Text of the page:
Washington Report: FDA Maps Strategy to Counter Supply-Chain Threats - Pharmaceutical Technology

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Washington Report: FDA Maps Strategy to Counter Supply-Chain Threats
Rising imports and overseas production spur realignment of enforcement.

Pharmaceutical Technology
Volume 35, Issue 8, pp. 28-33

Expanding compliance

With drug manufacturing and clinical-trial activities expanding overseas and at home, CDER's Office of Compliance is being reshaped into a "super" office that can better manage its growing responsibilities. OC now has a staff of 300, compared with 118 in 2005, explained OC Deputy Director Ilissa Bernstein at the Parenteral Drug Association pharmaceutical supply-chain conference in June. Now a string of top aides manages cross-cutting initiatives, including policy and communications, strategic planning and organization development, data analysis, and risk assessment, directly under OC Director Autor. These staff functions incorporate many of the data-management responsibilities of the former Division of Compliance Risk Management and Surveillance.

The main new OC component is the Office of Drug Security, Integrity, and Recalls (ODSIR), which will oversee import operations, recalls, and a range of supply-chain issues. An Import Operations branch will coordinate import and export compliance activities, including supplies for clinical and preclinical studies. The Division of Supply Chain Integrity (DSCI) will handle anticounterfeiting strategies, track-and-trace initiatives, product authentication, good importer practices, good distribution practices, cargo-theft prevention, intentional adulteration, and efforts to leverage domestic and international partnerships in these areas, explained Leigh Verbois, who will serve as the DSCI deputy director.

Among other responsibilities, ODSIR Acting Associate Director Connie Jung will continue to lead agency efforts to develop track-and-trace programs, building on guidance issued in March 2010 that outlines how manufacturers should provide a standard numerical identifier (SNI) on every product as the basis for tracking products through the supply chain. FDA is digesting comments from a February 2011 public workshop on how to develop interoperable standards that will facilitate adoption of pedigrees and tracking systems, hopefully in time to help manufacturers meet California requirements.

With this reorganization, OC's status is similar to that of CDER's Office of New Drugs, Office of Pharmaceutical Science, and Office of Surveillance and Epidemiology. Most OC divisions will function as before, though with slightly revised names. The Office of Manufacturing and Product Quality (OMPQ) will no longer oversee recalls and shortages, but continues to manage inspections for new and generic drugs and biologics, both domestic and international, to ensure compliance with GMPs. The Office of Unapproved Drugs and Labeling Compliance (OUDLC) oversees drug fraud and labeling and approval requirements for prescription and over-the-counter drugs. The Office of Scientific Investigations (OSI), which monitors clinical trial operations, bioequivalence testing, and patient protections, gains a new division of safety compliance with responsibility for postmarketing activities, including adverse event reporting and risk evaluation and mitigation strategies (REMS) .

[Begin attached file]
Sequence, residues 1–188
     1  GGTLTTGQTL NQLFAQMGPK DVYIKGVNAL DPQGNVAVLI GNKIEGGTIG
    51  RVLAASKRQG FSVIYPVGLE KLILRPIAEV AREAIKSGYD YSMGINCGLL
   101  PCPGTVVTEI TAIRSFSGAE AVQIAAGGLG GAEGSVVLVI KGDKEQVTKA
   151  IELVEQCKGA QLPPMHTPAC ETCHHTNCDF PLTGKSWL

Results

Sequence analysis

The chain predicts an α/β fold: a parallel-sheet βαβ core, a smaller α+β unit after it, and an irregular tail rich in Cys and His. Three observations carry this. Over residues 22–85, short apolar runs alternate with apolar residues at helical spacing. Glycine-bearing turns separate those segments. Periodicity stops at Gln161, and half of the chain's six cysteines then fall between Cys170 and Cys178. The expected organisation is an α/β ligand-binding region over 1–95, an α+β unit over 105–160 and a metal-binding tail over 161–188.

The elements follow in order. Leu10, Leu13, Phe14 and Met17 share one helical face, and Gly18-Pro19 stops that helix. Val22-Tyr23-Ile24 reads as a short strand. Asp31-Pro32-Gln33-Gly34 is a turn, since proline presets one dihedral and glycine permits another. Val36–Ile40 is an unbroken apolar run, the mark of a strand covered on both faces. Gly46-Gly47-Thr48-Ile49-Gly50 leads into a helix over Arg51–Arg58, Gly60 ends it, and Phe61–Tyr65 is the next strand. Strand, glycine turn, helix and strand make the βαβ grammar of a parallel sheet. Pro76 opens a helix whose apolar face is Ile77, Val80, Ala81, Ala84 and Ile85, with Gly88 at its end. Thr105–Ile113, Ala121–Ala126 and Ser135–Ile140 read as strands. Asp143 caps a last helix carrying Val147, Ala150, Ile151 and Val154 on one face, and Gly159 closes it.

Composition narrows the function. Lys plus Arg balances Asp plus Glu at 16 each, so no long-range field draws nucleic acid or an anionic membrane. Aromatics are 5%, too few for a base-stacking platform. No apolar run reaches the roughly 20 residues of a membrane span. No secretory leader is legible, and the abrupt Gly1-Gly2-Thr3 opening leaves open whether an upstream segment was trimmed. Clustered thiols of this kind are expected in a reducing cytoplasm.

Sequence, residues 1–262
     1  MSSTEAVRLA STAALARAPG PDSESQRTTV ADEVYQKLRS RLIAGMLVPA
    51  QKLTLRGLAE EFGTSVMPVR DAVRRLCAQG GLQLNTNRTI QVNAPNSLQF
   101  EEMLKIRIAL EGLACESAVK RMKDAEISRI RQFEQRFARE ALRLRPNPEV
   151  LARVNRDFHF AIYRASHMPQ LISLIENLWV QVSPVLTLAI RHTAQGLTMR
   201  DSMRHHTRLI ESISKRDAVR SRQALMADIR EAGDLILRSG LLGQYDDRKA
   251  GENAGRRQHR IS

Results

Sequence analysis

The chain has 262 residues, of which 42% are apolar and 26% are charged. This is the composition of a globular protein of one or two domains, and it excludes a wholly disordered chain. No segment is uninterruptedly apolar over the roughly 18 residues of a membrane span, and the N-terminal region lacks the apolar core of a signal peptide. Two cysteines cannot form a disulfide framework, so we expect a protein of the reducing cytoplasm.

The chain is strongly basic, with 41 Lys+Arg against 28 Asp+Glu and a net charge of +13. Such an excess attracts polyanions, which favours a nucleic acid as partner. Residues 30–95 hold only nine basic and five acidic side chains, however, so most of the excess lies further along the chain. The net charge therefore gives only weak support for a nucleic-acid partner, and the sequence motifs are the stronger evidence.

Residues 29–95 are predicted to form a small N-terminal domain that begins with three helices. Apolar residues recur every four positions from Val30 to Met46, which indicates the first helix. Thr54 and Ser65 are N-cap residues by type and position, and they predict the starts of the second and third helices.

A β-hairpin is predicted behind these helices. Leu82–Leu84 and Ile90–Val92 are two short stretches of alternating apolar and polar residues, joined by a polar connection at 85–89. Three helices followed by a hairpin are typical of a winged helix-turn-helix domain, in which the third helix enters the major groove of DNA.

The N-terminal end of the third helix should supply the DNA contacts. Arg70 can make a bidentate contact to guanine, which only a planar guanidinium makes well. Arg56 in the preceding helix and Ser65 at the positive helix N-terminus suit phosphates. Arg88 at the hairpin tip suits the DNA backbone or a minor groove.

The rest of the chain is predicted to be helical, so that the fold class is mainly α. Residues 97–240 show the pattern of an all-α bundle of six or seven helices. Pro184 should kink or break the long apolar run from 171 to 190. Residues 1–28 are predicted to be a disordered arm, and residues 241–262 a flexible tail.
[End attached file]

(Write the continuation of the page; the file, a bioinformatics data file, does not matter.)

The global market "contains a vast amount of counterfeit and substandard drugs," Bernstein commented at the PDA conference, noting the need for more transparency and accountability in the supply chain, both upstream and downstream.

OMPQ Associate Director Richard Friedman emphasized that company management is ultimately responsible for ensuring product quality, including use of safe and reliable raw materials and effective monitoring of outsourced activities. A significant reason for the OC reorganization, Autor explains, "is to recognize the challenges of globalization" and to be able to focus more on international collaboration, data mining, and risk analytics. "It fits together nicely and it's the right direction for us to move in."

Jill Wechsler is Pharmaceutical Technology's Washington editor, 7715 Rocton Ave., Chevy Chase, MD 20815, tel. 301.656.4634,

*As we went to press, FDA announced a major reorganization of the Commissioner's office, with Autor becoming FDA Deputy Commissioner for Global Regulatory Operations and Policy. Bernstein will serve as the Office of Compliance Acting Director.


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